Tag Archives: samuel fuller

The Big Red One – Review

30 Jun

Samuel Fuller has gone down in film history as being a very eccentric and often times controversial film maker. Wether it’s a story about the disturbing nature of racism that was explored in White Dog, or a callous look at the state of mental institutions and journalism in Shock Corridor, Fuller has shown that he has the ability to take a well known topic and turn it on its head to show you darker elements you may not have thought of before. One of his loudest and most memorable cinematic statements was with his semi-autobiographical war film, The Big Red One. Having served in the American army in World War II, this might be the most personal war movies I have ever seen, and it captures some of the oddest and strangely disturbing sides of war that only people who have been there understand.

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This movie tells the story of the soldiers serving in the 1st Infantry Division, which was nicknamed “The Big Red One” due to the red number stitched on their sleeves, in World War II. The division is led by the gruff and experienced Sergeant (Lee Marvin), who has was introduced to the horrors of war in 1918 when he killed a German soldier four hours after World War I officially ended. The core soldiers in his squad consist of Pvt. Griff (Mark Hamill), Pvt. Zab (Robert Carradine), Pvt. Vinci (Bobby Di Cicco), and Pvt. Johnson (Kelly Ward). As the squad moves from the conflict in North Africa to the final battles in Germany, the close knit group sees other soldiers come and go, but their team work and love for each other keeps them together until the very end of the bloody days of the Second World War.

I think it’s worth noting the interesting production history The Big Red One was subject to. Fuller obviously had a lot to say with this movie, and it’s been available as completely “reconstructed” movie since 2004. This sort of director’s cut, which was based more on the shooting script than the original released in 1980, runs two hours and forty minutes, which is about forty five minutes longer than the original version. I’m looking at the reconstructed version since I feel like it’s the full story that Samuel Fuller was trying to tell. I honestly can’t even imagine another, shorter version since this one feels so organic and real the way it is. With a movie as long as this, it’s easy to say that it goes on a bit too long, but that just isn’t the case here. The Big Red One shows the absurd, disturbingly strange, and sometimes comedic aspects of war and what being a soldier is seven years before Kubrick made his magnificently odd Full Metal Jacket. While I definitely love Full Metal Jacket, I have to say The Big Red One feels much more personal and real.

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I really can’t seem to stress enough how unique this movie is, and how war through the eyes of a whacked out mind like Samuel Fuller’s is unlike any other depiction of war. Some of my favorite war movies like Saving Private Ryan and Fury deal with camaraderie and idea of brotherhood among soldiers, and The Big Red One does that as well. On the flip side, the aforementioned Full Metal Jacket deals more with the psychology of war and in many ways the absurd mindset of it all. What Fuller does with The Big Red One is he puts a strong focus on the setting, and I don’t mean how some of it takes place in North Africa and some in France. What I mean is the things people said, did, and saw during their time in the war. Some of the scenes in this movie are now permanently seared in my brain forever, and some of them are clearly taken right from Fuller’s own experiences or things that were told to him by his fellow soldiers. There’s one scene where the squad has to hide behind a pile of rocks while a German soldier relieves himself not ten feet away. There’s another exceptional moment where a young boy agrees to help take the squad to a gun placement in return for a coffin to bury his recently deceased parents. These are some really incredible moments and capture the other worldly setting a war torn country can employ.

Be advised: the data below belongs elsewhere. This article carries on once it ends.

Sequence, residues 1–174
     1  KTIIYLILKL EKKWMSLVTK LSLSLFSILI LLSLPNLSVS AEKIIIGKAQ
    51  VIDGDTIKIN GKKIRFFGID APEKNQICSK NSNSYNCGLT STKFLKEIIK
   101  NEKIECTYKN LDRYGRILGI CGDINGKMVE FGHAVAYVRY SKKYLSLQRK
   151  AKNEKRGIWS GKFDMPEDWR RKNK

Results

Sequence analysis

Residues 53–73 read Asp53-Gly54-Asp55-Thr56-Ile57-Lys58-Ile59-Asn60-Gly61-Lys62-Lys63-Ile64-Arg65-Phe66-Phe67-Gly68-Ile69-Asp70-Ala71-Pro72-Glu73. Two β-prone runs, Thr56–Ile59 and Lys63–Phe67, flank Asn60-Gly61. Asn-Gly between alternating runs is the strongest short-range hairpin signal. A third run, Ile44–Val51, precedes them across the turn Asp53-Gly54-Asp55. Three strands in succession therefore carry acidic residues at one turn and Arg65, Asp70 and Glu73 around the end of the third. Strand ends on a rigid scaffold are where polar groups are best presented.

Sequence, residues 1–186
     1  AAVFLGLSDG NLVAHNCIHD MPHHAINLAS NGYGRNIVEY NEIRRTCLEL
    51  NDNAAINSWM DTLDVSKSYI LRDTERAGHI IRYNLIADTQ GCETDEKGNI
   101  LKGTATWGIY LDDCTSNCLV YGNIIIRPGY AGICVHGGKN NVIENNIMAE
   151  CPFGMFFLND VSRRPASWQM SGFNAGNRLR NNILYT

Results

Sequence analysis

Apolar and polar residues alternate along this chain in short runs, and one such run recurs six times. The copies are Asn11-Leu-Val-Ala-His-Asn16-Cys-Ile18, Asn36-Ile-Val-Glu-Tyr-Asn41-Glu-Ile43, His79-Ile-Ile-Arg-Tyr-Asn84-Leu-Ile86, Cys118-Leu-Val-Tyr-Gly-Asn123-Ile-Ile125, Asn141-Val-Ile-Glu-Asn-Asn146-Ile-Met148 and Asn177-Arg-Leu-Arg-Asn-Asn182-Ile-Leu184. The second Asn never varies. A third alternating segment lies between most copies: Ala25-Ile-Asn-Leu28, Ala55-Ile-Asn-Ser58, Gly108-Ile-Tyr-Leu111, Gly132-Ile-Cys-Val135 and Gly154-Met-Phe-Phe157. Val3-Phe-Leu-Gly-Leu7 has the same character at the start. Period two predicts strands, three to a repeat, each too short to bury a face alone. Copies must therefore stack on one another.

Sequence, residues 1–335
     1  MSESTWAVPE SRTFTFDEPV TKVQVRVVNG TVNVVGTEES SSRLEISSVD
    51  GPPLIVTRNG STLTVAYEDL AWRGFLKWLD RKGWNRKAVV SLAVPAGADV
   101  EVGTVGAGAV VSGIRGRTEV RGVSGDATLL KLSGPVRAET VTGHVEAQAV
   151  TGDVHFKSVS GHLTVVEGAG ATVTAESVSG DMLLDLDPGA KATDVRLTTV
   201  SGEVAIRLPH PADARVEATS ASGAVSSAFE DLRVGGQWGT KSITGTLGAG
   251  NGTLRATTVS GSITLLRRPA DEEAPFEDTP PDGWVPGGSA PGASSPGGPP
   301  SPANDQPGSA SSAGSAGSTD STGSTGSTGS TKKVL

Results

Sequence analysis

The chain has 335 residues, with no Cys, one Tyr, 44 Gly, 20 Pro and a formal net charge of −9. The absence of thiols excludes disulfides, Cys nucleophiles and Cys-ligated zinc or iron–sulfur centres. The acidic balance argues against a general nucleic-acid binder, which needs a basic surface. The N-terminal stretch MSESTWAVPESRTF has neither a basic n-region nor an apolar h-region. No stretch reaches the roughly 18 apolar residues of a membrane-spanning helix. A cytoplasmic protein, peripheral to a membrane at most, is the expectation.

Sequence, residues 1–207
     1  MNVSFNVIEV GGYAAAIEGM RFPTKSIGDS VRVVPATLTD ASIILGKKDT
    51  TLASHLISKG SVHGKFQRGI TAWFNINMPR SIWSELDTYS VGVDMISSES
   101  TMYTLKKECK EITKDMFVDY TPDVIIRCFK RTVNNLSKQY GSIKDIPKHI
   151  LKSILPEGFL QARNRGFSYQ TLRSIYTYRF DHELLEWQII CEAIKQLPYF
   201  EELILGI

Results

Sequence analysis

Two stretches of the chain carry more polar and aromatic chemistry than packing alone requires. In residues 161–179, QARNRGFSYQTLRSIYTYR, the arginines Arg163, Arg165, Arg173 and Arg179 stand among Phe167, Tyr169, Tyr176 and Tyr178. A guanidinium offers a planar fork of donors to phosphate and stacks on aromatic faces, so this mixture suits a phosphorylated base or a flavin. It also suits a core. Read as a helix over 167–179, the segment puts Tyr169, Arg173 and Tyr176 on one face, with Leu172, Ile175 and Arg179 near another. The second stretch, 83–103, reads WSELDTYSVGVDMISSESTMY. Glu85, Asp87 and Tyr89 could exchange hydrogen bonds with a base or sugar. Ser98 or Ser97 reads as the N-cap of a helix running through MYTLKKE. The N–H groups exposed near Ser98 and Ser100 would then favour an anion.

War movies really don’t work if the characters aren’t any good because we want to see these people survive. It’s important to feel a connection with them, and the characters in The Big Red One are handled very interestingly. There’s a very strong central performance by Lee Marvin, and the four soldiers in his squad have very distinct personalities brought to life both by Fuller and by the actors playing them. It’s said that each soldier in the squad represents a side of Fuller, which is really cool but I see his personality the most in Robert Carradine’s character, Zab, who is full of wise cracks, writes books, and has a seemingly endless supply of cigars. The other characters that go in and out of the platoon are referred to as “replacements,” and the characters are treated as such. This shows the core strength of the Sergeant and his main four soldiers, while also showing how disposable human life can seem in those extreme situations.